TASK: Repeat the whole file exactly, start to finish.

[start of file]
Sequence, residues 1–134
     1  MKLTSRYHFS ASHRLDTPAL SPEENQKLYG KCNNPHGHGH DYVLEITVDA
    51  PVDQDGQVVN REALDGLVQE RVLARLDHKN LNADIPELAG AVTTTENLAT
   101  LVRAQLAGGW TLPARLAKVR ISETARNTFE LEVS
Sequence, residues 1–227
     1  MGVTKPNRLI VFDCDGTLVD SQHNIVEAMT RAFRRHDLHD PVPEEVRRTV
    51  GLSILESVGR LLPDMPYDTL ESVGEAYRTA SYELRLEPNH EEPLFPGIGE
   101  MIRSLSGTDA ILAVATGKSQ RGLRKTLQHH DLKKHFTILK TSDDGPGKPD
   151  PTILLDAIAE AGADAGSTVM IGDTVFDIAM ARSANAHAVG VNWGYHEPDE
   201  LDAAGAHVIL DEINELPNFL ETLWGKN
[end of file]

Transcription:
Sequence, residues 1–134
     1  MKLTSRYHFS ASHRLDTPAL SPEENQKLYG KCNNPHGHGH DYVLEITVDA
    51  PVDQDGQVVN REALDGLVQE RVLARLDHKN LNADIPELAG AVTTTENLAT
   101  LVRAQLAGGW TLPARLAKVR ISETARNTFE LEVS
Sequence, residues 1–227
     1  MGVTKPNRLI VFDCDGTLVD SQHNIVEAMT RAFRRHDLHD PVPEEVRRTV
    51  GLSILESVGR LLPDMPYDTL ESVGEAYRTA SYELRLEPNH EEPLFPGIGE
   101  MIRSLSGTDA ILAVATGKSQ RGLRKTLQHH DLKKHFTILK TSDDGPGKPD
   151  PTILLDAIAE AGADAGSTVM IGDTVFDIAM ARSANAHAVG VNWGYHEPDE
   201  LDAAGAHVIL DEINELPNFL ETLWGKN